Guests love a good loyalty program, and it’s easy to see why: the rewards. From vouchers and points redeemable for cash to upgrades and a sense of exclusivity, the delight of a direct benefit makes for loyal customers.
The loyalty programs now emerging everywhere on the hotel scene are nothing new. Rather, they hearken back to the golden years of aviation and hospitality. And while the model is decades old, a loyalty program is nevertheless the latest must-have for boosting revenue, increasing occupancy, and improving the guest experience.
That’s why we’re devoting an entire blog series to helping you create a successful strategy around a loyalty program of your own.
In this first post, we’ll introduce you to the basics of the loyalty business. Be sure to tune into the blog regularly for upcoming installments on the topic.
What are loyalty programs, and how are they different from promotions?
Good question. Both promotions and loyalty programs encourage potential guests to book. The biggest difference lies in the approach. With the former, you’re looking to stimulate bookings with short-term incentives. With the latter, you’re looking to build a solid customer base of repeat guests who’ll book with you again and again.
Investopedia defines a loyalty program as “a rewards program offered by a company to customers who frequently make purchases.” The site goes on to explain that “A loyalty program may give a customer advanced access to new products, special sales coupons or free merchandise.”
A promotion, on the other hand, is defined as a “stimulation of sales achieved through contests, demonstrations, discounts, exhibitions or trade shows, games, giveaways, point-of-sale displays and merchandising, special offers, and similar activities.”
In the context of hotel marketing, a promotion would be a one-time offer available to guests who book through your website. A loyalty program, on the other hand, would be consistently rewarding return guests with a room upgrade (for example).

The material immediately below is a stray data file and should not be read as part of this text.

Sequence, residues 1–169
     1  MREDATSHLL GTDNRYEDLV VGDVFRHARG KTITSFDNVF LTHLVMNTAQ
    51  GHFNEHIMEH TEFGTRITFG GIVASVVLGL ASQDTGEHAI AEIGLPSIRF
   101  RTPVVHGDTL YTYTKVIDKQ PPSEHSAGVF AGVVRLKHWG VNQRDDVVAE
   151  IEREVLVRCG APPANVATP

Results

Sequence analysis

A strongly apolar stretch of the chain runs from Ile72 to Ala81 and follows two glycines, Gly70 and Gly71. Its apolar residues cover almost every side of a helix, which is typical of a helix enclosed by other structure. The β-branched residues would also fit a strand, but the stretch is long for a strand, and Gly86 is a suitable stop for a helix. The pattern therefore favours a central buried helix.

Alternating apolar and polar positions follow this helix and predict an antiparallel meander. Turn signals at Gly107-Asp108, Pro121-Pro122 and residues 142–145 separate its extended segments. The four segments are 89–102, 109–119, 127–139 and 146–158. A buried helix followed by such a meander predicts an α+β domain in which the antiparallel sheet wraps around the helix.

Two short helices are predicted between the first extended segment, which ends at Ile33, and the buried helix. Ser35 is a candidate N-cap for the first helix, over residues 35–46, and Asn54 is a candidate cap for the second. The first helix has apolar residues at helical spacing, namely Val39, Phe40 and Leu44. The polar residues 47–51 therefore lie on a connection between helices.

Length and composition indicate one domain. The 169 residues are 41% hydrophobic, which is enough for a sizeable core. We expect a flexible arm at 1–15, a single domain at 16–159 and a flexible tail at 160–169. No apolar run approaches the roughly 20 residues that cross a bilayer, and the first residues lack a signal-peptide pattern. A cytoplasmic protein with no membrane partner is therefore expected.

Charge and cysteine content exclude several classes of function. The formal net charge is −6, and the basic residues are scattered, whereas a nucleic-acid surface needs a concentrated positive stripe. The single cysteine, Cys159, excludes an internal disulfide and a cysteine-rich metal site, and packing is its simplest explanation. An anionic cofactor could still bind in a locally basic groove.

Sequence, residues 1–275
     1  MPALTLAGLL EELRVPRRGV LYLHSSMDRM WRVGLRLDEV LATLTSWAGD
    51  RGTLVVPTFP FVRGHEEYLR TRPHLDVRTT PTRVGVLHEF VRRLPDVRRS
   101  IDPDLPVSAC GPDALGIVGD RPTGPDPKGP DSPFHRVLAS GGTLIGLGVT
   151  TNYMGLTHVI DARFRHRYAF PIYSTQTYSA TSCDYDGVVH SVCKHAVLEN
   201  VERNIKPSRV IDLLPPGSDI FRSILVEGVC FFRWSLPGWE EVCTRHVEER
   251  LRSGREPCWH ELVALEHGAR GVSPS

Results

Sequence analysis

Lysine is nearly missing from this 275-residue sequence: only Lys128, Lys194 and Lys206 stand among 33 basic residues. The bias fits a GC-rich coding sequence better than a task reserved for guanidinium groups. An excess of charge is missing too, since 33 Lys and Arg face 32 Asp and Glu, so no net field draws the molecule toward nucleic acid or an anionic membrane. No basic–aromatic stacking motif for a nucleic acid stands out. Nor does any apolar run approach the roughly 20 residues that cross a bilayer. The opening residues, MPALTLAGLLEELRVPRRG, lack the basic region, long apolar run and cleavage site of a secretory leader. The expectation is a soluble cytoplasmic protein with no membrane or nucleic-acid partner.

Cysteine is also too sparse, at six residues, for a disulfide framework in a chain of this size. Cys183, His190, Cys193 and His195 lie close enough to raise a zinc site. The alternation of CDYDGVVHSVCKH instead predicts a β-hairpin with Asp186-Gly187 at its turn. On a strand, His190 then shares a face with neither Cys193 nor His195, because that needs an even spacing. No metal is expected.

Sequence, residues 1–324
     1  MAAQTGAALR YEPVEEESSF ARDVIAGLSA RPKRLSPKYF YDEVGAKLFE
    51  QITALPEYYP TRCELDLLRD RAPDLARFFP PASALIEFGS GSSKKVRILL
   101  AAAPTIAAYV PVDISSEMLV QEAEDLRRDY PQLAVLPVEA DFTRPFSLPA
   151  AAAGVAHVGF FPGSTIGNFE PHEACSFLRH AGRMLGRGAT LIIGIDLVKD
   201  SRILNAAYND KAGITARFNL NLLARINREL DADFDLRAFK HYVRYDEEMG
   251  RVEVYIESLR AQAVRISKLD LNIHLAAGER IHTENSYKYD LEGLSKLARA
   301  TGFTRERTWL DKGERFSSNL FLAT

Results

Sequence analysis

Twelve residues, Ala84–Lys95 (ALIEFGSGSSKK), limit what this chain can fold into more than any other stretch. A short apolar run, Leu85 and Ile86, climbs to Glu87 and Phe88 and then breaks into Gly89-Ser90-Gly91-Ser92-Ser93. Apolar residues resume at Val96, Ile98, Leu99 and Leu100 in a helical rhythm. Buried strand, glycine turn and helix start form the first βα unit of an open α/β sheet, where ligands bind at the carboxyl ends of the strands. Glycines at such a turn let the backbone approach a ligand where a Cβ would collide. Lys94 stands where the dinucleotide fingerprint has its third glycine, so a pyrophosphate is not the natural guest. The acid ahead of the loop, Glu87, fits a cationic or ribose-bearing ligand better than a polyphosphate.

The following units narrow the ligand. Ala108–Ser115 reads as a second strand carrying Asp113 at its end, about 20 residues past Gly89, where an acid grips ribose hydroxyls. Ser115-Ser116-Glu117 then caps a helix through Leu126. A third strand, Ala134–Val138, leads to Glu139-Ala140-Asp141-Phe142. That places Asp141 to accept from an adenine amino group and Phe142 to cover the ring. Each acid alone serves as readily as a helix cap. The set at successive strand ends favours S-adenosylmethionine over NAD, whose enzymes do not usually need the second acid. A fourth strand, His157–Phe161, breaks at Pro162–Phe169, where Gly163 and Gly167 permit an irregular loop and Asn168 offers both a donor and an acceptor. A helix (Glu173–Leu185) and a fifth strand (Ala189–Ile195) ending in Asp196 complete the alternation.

How did hotel loyalty programs get started?
Back in the 1970s, air travel was deregulated in the US and airlines had to get creative with their competitive strategies. They devised clever programs to earn them loyal customers and encourage repeat business. The ultimate goal was to boost revenue while reducing the amount of marketing money spent on acquiring new customers.
To appeal to travellers everywhere, airlines began to partner with hotels. Passengers could now redeem their rewards on their accommodations as well as on airfare. Though many carriers and properties are still partnered up today, hotel loyalty programs have now become their own entity. And they’ve become very popular.
In fact, Phocuswright’s October 2016 report: “Parsing Shop and Book 2016: How Airlines, Hotels and OTAs Compete on the Desktop and Mobile Web” tells us that “Loyalty program members account for three-quarters of hotel website bookings, compared to just 36% for airlines.”
Are loyalty programs profitable?
In a word, yes. Any hotel can profit from the right loyalty program.
The US Hotel Lodging Intermediaries Rise Again report tells us that 43 percent of travellers enrolled in a hotel loyalty program book directly through the hotel’s website. By comparison, only 20 percent of non-enrolled travellers do the same. And if you’re paying commissions to booking sites, you already know just how valuable direct bookings are.
But that’s not all. Cornell University conducted a study on the economic impact of loyalty programs specific to independent hotels. They found that “the number of annual room-nights for each guest increased by nearly 50 percent.” When occupancy rates increase that significantly, revenue rises and costs fall.
And that’s only the beginning.